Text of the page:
Warts are noncancerous (benign) rough skin colored bumps that form on the skin. They affect men, women and children of all ages, they most commonly affect the hands and fingers.
What Causes Warts?
Warts are caused by different strains of the human papillomavirus and are transmitted by touch and can spread from one location on the body to another. Different strains of the human papillomavirus may cause warts in different parts of the body. It can take up to two to six months for a wart to develop after your skin has been exposed to the virus. Common warts are usually harmless and eventually disappear on their own, however many people choose to remove them because they find them bothersome or embarrassing.
What Types of Warts Are There?
The appearance of a wart depends on the location. There are five major types of warts, each type appears on a different part of the body and has a distinct appearance. The most common types of warts are:
- Common warts usually appear on the backs of your fingers and toes and occasionally on the knees, but they can also appear elsewhere. They can have a rough, thick, grainy appearance and a rounded top. They may also appear cauliflower- like. Common warts are usually grayer than the skin surrounding it. Common warts are usually not serious or painful and go away on their own.
- Plantar warts appear on the soles of your feet. Unlike other warts, plantar warts grow in your skin and not out of it. These types of warts appear to be a small hole in the bottom of your foot and are surrounded by hardened skin and can make walking uncomfortable. There are two types of plantar warts:
- Myrmecial- type plantar warts are caused by HPV type 1 that grow inward due to standing or walking.
- Mosaic- type plantar warts are caused by HPV type 2 and are small surface- level warts that appear in clusters and are less painful.
- Flat warts also known as juvenile warts, usually grow on the face, thighs and arms. They are caused by HPV types 3, 10 and 28. Flat warts have a flat top are small and not immediately noticeable.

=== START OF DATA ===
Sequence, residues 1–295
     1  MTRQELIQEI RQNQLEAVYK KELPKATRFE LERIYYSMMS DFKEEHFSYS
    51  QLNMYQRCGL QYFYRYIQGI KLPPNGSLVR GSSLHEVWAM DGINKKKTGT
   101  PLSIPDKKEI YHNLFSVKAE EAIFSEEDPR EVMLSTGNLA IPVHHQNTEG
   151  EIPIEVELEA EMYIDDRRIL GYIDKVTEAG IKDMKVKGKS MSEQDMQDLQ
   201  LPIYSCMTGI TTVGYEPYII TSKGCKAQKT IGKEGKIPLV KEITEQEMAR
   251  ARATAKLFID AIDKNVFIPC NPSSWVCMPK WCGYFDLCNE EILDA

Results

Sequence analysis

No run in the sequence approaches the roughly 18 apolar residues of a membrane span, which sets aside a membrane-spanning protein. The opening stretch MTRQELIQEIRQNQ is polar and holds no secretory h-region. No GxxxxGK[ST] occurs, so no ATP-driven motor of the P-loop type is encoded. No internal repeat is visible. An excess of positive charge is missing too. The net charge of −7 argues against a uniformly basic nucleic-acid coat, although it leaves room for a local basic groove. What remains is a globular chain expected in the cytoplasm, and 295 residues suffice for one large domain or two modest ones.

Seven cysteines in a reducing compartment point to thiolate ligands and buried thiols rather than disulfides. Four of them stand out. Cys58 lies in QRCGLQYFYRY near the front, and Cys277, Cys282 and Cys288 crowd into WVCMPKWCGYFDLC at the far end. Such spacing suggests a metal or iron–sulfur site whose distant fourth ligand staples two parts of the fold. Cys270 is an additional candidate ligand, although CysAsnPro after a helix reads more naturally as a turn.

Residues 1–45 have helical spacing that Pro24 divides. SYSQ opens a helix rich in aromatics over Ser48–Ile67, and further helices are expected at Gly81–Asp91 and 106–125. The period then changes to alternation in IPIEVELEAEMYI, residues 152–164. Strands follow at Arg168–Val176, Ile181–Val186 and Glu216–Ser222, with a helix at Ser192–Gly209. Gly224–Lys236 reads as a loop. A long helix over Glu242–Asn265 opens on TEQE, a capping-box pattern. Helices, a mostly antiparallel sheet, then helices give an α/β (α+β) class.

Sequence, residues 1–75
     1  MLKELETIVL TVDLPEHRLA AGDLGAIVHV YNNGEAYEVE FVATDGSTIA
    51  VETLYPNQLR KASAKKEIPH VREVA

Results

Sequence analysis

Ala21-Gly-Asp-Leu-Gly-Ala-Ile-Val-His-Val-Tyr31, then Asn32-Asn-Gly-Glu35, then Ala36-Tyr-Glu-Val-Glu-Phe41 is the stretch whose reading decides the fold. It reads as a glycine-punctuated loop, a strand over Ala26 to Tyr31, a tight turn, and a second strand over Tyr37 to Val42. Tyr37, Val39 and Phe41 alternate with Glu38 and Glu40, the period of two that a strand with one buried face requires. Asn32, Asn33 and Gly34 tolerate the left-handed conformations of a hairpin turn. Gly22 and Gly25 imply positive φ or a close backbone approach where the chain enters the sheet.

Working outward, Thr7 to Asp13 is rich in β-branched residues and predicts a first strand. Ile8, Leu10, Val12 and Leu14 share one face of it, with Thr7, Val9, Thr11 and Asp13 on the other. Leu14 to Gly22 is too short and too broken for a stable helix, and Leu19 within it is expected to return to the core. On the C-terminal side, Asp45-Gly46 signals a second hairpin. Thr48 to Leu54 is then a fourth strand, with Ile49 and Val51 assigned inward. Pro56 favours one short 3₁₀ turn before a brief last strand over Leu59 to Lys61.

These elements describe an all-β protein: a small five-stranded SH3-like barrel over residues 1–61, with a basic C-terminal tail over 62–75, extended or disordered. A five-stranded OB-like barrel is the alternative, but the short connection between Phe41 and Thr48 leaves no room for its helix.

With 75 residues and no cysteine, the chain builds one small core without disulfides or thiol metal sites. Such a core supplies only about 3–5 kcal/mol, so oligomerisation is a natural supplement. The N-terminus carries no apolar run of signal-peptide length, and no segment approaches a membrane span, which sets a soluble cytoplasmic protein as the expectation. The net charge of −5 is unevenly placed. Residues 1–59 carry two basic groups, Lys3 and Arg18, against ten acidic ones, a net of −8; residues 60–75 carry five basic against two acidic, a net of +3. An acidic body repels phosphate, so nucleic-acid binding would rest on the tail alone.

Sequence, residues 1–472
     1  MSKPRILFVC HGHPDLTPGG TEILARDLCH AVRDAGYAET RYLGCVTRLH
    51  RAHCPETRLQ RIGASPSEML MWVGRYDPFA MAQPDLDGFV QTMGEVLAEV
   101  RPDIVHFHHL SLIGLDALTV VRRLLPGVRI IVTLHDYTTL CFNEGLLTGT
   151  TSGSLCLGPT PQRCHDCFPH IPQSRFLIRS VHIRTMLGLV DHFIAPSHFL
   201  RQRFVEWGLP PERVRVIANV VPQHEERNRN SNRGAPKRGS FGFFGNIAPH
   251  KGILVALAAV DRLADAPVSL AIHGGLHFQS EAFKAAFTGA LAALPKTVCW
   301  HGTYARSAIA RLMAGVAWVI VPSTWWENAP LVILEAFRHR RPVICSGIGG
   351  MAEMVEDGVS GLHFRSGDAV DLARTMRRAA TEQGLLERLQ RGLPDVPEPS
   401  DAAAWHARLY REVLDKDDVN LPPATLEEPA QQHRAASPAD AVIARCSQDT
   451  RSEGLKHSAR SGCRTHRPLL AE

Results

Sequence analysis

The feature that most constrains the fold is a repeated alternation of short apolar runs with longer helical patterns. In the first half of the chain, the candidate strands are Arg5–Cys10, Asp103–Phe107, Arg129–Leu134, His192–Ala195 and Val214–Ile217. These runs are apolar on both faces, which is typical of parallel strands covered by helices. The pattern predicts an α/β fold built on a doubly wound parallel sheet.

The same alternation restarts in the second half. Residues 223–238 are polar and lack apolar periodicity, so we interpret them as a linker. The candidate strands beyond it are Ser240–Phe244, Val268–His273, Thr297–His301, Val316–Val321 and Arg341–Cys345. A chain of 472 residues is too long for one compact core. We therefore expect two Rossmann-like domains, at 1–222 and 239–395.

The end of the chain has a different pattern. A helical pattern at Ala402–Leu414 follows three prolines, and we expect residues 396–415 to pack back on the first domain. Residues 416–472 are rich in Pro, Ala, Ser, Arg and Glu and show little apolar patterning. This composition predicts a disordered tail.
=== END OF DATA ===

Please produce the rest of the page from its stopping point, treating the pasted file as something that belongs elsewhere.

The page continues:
- Filiform warts appear around your mouth, nose and sometimes on your neck or under your chin and can spread to other parts of the body. These types of warts are small and shaped like a tiny flap or tag of skin and can project off your skin in thin, finger- like strands.
- Periungual warts grow under and around the toenails and fingernails and can be painful and affect nail growth. They start small and can grow larger and occasionally spread to other areas of the body through direct contact and maybe rough and have a cauliflower- like appearance.
There are ways to prevent warts or keep them from spreading to other parts of the body. Wash your hands regularly, especially if you have been in contact with someone who has warts, keep your hands and feet dry. If you have warts don’t pick at them as this can spread the virus and cover them with a bandage. Don’t use the same emery board, pumice stone or nail clipper on your warts that you use on healthy skin and nails. And don’t bite your fingernails, warts occur more often in skin that has been broken and nail biting opens the door to the virus.
How to Treat Warts
There are numerous types of treatments to get rid of warts from at- home to seeing a doctor. Most warts go away on their own but they can be embarrassing and uncomfortable so you can treat them at home and most of the time warts respond well to drugstore treatments.
- Freezing treatment spray concentrated cold air that is a mixture of dimethyl ether and propane
- Patches containing salicylic acid must be used every day and at times weeks. These work best if you soak the wart in water for about 15 minutes before you apply the treatment.
In the rare case that a wart is stubborn and doesn’t respond to at home treatments your doctor can help with freezing your wart with liquid nitrogen and if the wart is super stubborn and does not respond to any treatments surgery would then be considered. Your doctor will cut away your wart or burn it with electricity, but this can also cause scarring.
When to See a Doctor
If you have changes in color, the wart becomes painful or you suspect the wart may not be a wart or you are diabetic it’s best to make an appointment with your dermatologist. If you notice bleeding or signs of an infection, such as pus or scabbing around the wart or if it is painful make an appointment with your dermatologist.